In Love and War; altruism, norm formation, and two different types of group selection
Journal of Theoretical Biology
249, 667-680
Link to article
We analyse simulations reported in "The co-evolution of individual behaviors and social institutions" by Bowles, Choi & Hopfensitz (2003) in the Journal of Theoretical Biology 223, 135-147 and begin with distinguishing two types of group selection models. The literature does not provide different names for them, but they are shown to be fundamentally different and have quite different empirical implications. The working of the first one depends on the answer to the question "is the probability that you also are an altruist large enough", while the other needs an affirmative answer to "are our interests enough in line". The first one therefore can also be understood as a kin selection model, while the working of the second can also be described in terms of direct benefits. The actual simulation model is a combination of the two. It is also a Markov chain, which has important implications for how the output data should be handled. (2007)
Hamilton's missing link
Journal of Theoretical Biology
246, 551-554
Link to article
Hamilton's famous rule was presented in 1964 in a paper called "The genetical theory of social behaviour (I and II)," Journal of Theoretical Biology 7, 1-16, 17-32. The paper contains a mathematical genetical model from which the rule supposedly follows, but it does not provide a link between the paper's central result, which states that selection dynamics take the population to a state where mean inclusive fitness is maximized, and the rule, which states that selection will lead to maximization of individual inclusive fitness. This note provides a condition under which Hamilton's rule does follow from his central result. (2006)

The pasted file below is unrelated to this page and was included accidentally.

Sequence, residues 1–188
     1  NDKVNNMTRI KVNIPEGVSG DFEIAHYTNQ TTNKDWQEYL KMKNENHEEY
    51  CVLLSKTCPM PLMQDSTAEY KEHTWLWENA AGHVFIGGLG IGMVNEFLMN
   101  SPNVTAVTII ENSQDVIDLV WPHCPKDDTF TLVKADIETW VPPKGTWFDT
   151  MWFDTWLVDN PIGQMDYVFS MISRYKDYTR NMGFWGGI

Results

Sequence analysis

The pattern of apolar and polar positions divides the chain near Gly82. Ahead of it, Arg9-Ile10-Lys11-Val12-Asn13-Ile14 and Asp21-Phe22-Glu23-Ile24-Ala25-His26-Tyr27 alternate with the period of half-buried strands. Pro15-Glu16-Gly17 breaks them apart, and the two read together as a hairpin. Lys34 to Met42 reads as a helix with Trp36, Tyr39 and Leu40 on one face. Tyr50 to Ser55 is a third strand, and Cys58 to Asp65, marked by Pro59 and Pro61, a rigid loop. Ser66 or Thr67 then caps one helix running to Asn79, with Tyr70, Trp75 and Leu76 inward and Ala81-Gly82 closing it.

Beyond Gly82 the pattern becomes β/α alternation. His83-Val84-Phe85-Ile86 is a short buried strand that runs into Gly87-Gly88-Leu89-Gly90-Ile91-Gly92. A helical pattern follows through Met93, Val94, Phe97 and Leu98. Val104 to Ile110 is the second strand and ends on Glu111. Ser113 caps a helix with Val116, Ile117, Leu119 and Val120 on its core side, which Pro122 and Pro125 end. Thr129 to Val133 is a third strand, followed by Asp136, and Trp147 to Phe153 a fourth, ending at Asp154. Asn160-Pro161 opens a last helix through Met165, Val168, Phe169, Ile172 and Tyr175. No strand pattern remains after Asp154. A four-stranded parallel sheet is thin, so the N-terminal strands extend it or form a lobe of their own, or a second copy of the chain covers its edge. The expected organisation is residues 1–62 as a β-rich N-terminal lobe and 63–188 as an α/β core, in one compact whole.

Why kin and group selection models may not be enough to explain human other-regarding behaviour
Journal of Theoretical Biology
242, 790-797
Link to article
Models of kin or group selection usually feature only one possible fitness transfer. The phenotypes are either to make this transfer or not to make it and for any given fitness transfer, Hamilton's rule predicts which of the two phenotypes will spread. In this article we allow for the possibility that different individuals or different generations face similar, but not necessarily identical possibilities for fitness transfers. In this setting, phenotypes are preference relations, which concisely specify behaviour for a range of possible fitness transfers (rather than being a specification for only one particular situation an animal or human can be in). For this more general setup, we find that only preference relations that are linear in fitnesses can be explained using models of kin selection and that the same applies to a large class of group selection models. This provides a new implication of hierarchical selection models that could in principle falsify them, even if relatedness - or a parameter for assortativeness - is unknown. The empirical evidence for humans suggests that hierarchical selection models alone are not enough to explain their other-regarding or altruistic behaviour. (2005)
On the use of the Price equation
Journal of Theoretical Biology
237, 412-426
Link to article
This paper distinguishes two categories of questions that the Price equation can help us answer. The two different types of questions require two different disciplines that are related, but nonetheless move in opposite directions. These disciplines are probability theory on the one hand and statistical inference on the other. In the literature on the Price equation, this distinction is not made. As a result of this, questions that require a probability model are regularly approached with statistical tools. In this paper we examine the possibilities of the Price equation for answering questions of either type. By spending extra attention on mathematical formalities, we avoid that the two disciplines get mixed up. After that, we look at some examples, both from kin selection and from group selection, that show how the inappropriate use of statistical terminology can put us on the wrong track. Statements that are 'derived' with the help of the Price equation, are therefore in many cases not the answers they seem to be. Going through the derivations in reverse can however be helpful as a guide how to build proper (probabilistic) models that do give answers. Reviews and commentaries